Tea and Coffee from Around the World: Revisiting the Archives (Ethiopia)
Posted by The Thing With Feathers - Laura Cook on November 12, 2012 in Visual Storytelling |
‘If this is coffee, then please-bring me some tea. But if this is tea, please bring me some coffee’
.~Abraham Lincoln (1809-1865)
Anyone who followed my original blog that was disbanded earlier this year may remember a few posts I created about coffee in Ethiopia. I have been asked by a couple of people to add some of these photographs to this blog and as I am going to India in a week (and intend to drink a few cuppas there) thought it was a good opportunity to revisit the archives and add some photographs that were not previously posted. I am a ‘tea person’ rather than a coffee person but both drinks are great global unifiers. Tea and coffee drinking also often comes with ceremony and ritual that in our own societies we ignore but in foreign lands help us gain a glimpse of what it means to be human in a new place. For me to take tea or coffee with a stranger is a great way to make a new friend.
PART 1 FROM LAURA COOK PHOTOGRAPHY’S ARCHIVES: COFFEE DRINKING IN ETHIOPIA IN DEBRA SINA,
A TRADITIONAL CUP OF COFFEE.
One common Ethiopian coffee saying is “Buna dabo naw.” This literally translates to “Coffee is our bread.”
Fantya is a local expert at coffee making the traditional way. Here she takes the beans and grinds them.
Fantya roasts the coffee beans in Debre Sina:
‘Only one thing is certain about coffee…. Wherever it is grown, sold, brewed, and consumed, there will be lively controversy, strong opinions, and good conversation.’ ~Mark Pendergrast
‘Good coffee may come from Arabia or India, from the Blue Mountains of Jamaica, or via France with an admixture of chicory; but its flavor and excellence will be derived from daily careful roasting and grinding, a truism universally admitted and habitually disregarded.’ ~Lady Jekyll, D.B.E.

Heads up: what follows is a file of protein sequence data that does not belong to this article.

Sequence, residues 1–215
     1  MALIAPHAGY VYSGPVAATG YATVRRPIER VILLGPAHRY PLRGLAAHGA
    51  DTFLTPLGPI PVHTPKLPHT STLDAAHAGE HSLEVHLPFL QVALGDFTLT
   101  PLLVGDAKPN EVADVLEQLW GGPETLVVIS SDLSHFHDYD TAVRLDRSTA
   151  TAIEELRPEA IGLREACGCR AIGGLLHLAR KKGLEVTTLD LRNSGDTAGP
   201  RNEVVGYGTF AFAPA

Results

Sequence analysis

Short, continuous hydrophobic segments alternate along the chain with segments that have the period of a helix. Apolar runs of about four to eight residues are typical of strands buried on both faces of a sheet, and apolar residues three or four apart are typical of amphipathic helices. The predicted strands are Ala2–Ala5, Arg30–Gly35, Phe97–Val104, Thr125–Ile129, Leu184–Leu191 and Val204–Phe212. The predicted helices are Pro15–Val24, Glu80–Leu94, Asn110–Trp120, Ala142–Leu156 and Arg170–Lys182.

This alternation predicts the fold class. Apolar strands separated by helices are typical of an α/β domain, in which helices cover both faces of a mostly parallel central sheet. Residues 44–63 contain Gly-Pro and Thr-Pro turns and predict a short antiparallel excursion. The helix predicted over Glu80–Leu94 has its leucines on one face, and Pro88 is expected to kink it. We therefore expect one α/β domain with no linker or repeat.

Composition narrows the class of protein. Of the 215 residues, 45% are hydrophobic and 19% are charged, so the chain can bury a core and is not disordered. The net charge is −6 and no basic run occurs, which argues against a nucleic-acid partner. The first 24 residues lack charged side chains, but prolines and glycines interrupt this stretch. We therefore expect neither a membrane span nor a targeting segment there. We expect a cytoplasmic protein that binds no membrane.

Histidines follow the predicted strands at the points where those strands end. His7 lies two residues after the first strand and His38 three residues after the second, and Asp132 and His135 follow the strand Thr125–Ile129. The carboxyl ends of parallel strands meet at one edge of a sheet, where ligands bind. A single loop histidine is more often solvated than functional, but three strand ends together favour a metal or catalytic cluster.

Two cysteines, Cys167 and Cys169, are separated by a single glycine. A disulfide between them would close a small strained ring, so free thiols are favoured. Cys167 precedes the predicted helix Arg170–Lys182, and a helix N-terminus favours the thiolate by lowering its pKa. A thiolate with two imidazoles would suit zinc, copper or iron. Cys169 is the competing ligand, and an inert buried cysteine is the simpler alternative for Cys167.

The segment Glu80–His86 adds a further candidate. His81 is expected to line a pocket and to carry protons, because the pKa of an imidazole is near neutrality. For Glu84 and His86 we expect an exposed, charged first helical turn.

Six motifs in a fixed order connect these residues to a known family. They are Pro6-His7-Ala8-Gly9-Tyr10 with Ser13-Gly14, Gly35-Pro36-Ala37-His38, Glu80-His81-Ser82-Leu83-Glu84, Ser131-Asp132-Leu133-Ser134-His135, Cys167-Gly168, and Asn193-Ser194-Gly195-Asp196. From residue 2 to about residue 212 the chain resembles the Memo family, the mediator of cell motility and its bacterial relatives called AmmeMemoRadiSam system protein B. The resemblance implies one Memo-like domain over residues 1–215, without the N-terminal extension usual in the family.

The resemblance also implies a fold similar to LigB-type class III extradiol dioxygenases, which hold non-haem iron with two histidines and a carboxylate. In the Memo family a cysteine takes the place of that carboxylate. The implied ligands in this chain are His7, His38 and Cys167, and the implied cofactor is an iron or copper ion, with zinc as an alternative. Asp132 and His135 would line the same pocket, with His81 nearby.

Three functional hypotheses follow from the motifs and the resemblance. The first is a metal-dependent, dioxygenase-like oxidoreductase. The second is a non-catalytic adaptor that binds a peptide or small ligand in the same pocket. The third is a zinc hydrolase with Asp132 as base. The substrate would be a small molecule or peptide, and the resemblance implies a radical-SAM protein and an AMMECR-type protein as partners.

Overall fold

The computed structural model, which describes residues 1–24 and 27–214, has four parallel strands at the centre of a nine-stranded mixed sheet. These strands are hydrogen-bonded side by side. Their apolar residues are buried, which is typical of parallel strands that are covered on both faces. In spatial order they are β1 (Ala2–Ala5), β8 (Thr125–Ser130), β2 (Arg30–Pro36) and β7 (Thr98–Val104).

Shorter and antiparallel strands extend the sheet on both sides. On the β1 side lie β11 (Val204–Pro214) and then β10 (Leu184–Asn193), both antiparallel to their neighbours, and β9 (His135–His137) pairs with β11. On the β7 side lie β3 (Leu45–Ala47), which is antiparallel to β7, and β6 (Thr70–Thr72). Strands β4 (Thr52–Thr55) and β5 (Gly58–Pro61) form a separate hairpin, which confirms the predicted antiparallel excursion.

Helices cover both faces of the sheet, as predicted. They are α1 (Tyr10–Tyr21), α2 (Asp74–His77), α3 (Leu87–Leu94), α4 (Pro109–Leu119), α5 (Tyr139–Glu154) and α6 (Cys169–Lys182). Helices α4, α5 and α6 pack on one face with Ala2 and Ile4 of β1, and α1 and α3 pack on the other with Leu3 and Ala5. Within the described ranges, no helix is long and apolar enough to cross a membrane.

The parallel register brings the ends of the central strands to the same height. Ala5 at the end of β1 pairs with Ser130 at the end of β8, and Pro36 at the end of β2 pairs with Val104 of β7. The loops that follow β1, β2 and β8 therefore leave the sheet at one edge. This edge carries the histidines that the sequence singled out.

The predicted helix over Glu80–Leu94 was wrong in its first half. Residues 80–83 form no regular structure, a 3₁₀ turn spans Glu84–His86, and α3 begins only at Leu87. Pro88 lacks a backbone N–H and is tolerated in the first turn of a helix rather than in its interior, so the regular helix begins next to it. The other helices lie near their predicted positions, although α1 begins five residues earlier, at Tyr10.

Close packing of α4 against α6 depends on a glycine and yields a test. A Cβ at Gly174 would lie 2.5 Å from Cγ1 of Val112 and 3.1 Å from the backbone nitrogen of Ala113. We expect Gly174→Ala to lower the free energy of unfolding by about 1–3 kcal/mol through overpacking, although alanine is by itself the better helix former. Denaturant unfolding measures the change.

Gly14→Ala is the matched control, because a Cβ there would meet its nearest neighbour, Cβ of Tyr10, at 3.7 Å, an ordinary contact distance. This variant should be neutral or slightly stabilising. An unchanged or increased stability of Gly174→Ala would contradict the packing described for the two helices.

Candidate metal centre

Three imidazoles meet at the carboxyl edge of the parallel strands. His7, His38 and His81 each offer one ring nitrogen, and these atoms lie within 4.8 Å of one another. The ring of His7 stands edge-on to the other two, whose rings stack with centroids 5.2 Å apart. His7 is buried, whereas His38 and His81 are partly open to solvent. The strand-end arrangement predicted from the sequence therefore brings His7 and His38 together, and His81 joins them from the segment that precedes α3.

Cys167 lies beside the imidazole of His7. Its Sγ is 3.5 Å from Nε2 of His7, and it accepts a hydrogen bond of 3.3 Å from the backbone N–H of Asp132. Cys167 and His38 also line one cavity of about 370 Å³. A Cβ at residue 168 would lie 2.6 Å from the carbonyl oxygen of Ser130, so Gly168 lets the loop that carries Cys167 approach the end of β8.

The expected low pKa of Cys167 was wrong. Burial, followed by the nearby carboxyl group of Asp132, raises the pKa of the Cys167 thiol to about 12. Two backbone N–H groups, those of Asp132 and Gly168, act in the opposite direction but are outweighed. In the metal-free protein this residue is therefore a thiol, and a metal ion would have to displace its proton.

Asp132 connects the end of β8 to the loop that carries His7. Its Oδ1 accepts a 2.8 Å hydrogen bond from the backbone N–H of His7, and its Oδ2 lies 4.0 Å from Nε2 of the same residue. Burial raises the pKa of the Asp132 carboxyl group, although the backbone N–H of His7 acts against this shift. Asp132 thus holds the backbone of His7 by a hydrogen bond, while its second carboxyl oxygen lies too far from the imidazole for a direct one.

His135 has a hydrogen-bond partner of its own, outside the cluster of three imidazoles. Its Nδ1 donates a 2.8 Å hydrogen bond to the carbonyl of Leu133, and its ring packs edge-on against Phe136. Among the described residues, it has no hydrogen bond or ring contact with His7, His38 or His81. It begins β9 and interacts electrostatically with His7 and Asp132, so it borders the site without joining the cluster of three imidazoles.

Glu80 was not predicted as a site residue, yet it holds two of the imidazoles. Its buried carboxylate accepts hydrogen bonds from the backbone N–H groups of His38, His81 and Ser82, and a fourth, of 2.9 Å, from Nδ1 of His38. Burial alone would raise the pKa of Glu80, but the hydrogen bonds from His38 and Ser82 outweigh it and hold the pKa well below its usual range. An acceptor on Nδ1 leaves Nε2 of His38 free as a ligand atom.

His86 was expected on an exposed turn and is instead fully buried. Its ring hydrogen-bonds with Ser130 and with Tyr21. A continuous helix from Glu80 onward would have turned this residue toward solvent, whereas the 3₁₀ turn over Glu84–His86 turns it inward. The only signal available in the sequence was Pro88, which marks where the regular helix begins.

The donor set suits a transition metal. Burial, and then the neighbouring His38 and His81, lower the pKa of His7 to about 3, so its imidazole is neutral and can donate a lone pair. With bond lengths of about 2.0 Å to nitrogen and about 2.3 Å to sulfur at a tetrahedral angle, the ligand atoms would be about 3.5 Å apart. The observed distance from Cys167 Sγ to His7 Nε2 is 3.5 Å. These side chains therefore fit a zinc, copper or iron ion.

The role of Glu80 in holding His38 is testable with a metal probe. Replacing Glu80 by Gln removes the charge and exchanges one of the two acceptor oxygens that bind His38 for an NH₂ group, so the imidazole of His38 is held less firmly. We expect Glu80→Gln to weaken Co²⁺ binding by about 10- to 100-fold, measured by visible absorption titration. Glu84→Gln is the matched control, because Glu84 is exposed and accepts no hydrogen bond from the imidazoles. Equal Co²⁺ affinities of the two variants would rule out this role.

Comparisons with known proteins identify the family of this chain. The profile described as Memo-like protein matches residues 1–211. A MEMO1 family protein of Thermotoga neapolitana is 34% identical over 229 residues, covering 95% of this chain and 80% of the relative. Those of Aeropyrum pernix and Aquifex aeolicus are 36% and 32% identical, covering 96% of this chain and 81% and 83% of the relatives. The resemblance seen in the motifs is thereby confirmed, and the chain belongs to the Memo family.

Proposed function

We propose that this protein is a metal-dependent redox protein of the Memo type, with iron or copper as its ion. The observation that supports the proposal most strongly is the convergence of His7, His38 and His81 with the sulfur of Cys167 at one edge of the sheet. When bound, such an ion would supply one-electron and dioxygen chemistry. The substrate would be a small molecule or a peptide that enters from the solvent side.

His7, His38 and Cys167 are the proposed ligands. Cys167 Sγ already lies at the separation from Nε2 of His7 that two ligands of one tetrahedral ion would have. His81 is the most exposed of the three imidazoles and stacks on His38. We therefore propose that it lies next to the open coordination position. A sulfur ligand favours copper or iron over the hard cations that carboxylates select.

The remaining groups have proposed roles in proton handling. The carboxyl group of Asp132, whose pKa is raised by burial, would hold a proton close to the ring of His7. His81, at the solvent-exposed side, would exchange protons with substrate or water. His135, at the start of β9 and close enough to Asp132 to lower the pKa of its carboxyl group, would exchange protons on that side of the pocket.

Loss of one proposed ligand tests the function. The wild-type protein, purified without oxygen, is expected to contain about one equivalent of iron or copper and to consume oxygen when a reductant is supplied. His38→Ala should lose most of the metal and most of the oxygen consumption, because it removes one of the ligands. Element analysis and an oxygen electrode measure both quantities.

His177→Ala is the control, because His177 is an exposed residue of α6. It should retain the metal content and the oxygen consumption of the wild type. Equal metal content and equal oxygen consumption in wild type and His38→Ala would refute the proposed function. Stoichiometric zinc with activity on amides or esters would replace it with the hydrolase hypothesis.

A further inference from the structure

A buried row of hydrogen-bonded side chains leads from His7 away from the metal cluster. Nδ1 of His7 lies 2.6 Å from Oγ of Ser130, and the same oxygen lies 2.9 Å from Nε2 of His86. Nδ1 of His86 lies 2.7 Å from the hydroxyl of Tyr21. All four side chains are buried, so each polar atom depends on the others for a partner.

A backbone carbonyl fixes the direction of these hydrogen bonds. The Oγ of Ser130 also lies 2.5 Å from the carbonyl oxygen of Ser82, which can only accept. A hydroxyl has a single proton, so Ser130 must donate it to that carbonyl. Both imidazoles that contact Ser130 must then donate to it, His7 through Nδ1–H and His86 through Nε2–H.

‘Good communication is just as stimulating as black coffee, and just as hard to sleep after.’ ~ Anne Morrow Lindbergh
Often coffee drinking comes with ritual and ceremony. As the coffee comes to the boil the area is prepared with burning insense and the sweet smell of herbs and spices.
‘Black coffee must be strong and very hot; if strong coffee does not agree with you, do not drink black coffee. And if you do not drink black coffee, do not drink any coffee at all.’ ~Andre Simon
‘The morning cup of coffee has an exhilaration about it which the cheering influence of the afternoon or evening cup of tea cannot be expected to reproduce.’ ~Oliver Wendall Holmes, Sr.
Sharing coffee with friends: A universal truth!
This weary photographer was very thankful to Fantya for her morning cup of coffee and for being patient with her photo taking.
Great pictures -especially the weary photographer.
I wonder why they burn incense? I think you said it’s while the water boils, not while they roast the coffee?
The incense is burning most of the time but they specifically began to burn it while the water was boiling and they were arranging the cups. My Ethiopian colleague said ‘coffee drinking is meant to be an experience and not just a drink’. I certainly felt that while I was there.
fine photos and beautiful people. The story is there.